The reasons given by the trial court for its decision are not binding upon the reviewing court. It was well said, in City of Los Angeles v. Winans, 13 Cal.App. 257, 265, [ 109 P. 650]: "It is the judicial action of the trial court as distinguished from its judicial reason which appellate courts are called upon to review." ( Luman v. Golden Ancient Channel M. Co., 140 Cal. 700, 704, [ 74 P. 307]; Simon Newman Co. v. Lassing, 141 Cal. 174, 175, [ 74 P. 761].)
The points urged by respondent in support of the decision, to which appellant addresses itself in its brief, are: 1. Section 394 of the Code of Civil Procedure is unconstitutional; 2. A motion for change of place of trial under section 394 must be made at the time defendant answers or demurs and must be accompanied by an affidavit of merits, and a written demand for such change, as required by section 396 of the Code of Civil Procedure.
Section 394, as enacted in 1872, provided that actions against counties may be commenced and tried in any county in the judicial district in which such county is situated, unless such action is between counties, in which case they "may be commenced and tried in any county not a party thereto." In 1881 the section was amended to read: "An action against a county, or city and county, may be commenced and tried in such county, or city and county, unless such action is brought by a county, or city and county, in which case it may be commenced and tried in any county, or city and county, not a party thereto." (Stats. 1881, p. 23.)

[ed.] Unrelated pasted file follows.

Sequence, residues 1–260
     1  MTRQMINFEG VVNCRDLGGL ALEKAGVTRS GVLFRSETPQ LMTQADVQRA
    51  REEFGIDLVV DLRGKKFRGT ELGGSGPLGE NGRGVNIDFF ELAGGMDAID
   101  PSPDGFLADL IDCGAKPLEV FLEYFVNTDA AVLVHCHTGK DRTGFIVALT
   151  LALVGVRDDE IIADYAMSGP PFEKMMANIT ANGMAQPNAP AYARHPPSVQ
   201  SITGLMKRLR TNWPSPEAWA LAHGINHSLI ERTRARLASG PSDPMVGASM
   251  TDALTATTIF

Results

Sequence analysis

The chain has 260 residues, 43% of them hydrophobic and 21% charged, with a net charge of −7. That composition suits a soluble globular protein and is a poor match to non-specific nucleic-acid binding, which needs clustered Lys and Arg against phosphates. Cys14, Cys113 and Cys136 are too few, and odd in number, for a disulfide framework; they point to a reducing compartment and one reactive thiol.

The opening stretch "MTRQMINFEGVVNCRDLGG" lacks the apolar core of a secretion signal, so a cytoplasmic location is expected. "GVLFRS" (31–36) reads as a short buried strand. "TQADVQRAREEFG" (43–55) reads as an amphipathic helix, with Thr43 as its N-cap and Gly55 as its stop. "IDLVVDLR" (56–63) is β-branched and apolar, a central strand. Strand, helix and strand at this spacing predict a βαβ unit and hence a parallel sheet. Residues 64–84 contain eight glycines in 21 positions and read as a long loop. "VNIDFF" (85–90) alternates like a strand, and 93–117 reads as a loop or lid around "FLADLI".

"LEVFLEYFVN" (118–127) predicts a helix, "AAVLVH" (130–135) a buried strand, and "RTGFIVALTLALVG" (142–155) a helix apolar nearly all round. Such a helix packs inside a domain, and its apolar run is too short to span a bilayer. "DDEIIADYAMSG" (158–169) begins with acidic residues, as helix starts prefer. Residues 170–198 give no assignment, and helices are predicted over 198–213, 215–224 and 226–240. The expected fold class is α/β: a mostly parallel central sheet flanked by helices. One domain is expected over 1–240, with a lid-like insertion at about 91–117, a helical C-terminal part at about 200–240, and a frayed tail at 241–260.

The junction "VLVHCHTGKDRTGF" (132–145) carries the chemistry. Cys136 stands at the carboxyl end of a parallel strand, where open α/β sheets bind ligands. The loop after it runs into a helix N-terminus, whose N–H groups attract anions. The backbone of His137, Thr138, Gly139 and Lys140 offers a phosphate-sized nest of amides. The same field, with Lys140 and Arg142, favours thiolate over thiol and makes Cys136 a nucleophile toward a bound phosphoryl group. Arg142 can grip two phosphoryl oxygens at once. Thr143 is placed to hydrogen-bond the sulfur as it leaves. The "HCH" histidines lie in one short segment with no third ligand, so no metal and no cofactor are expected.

The amendment of 1901 need not be noticed, as the amended section was held unconstitutional "for want of re-enactment and publication at large of the revised law." The section was amended in 1907 and provided that "an action against a county may be commenced and tried in such county, unless such action is brought by a county, in which case it may be commenced and tried in any county not a party thereto. Whenever an action is brought by a county or city against residents of another county or city, or a corporation doing business in the latter, the action must be, on the motion of the defendant, transferred for trial to a county, other than the plaintiff, if the plaintiff is a county, and other than that in which the plaintiff is situated, if the plaintiff is a city." (Stats. 1907, p. 700.) The section was again amended in 1915. The section now relates both to actions and proceedings, and includes counties, cities and counties, and cities. The earlier part of the section as amended in 1915 is substantially as the section was made to read by the amendment of 1907. The following provision was added: "Whenever an action or proceeding is brought against a county, city and county, or city, in any county, or city and county, other than the defendant, if the defendant is a county, or city and county, or, if the defendant is a city, other than that in which the defendant is situated, the action or proceeding must be, on motion of the said defendant, transferred for trial to a county, or city and county, other than that in which the plaintiff, or any of the plaintiffs, resides, or is doing business, or is situated, and other than the plaintiff county, or city and county, or county in which such plaintiff city is situated, and other than the defendant county, or city and county, or county in which such defendant city is situated. In any action or proceeding, the parties thereto may, by stipulation in writing, or made in open court, and entered in the minutes, agree upon any county, or city and county, for the place of trial thereof. This section shall apply to actions or proceedings now pending or hereafter brought." (Stats. 1915, p. 721.)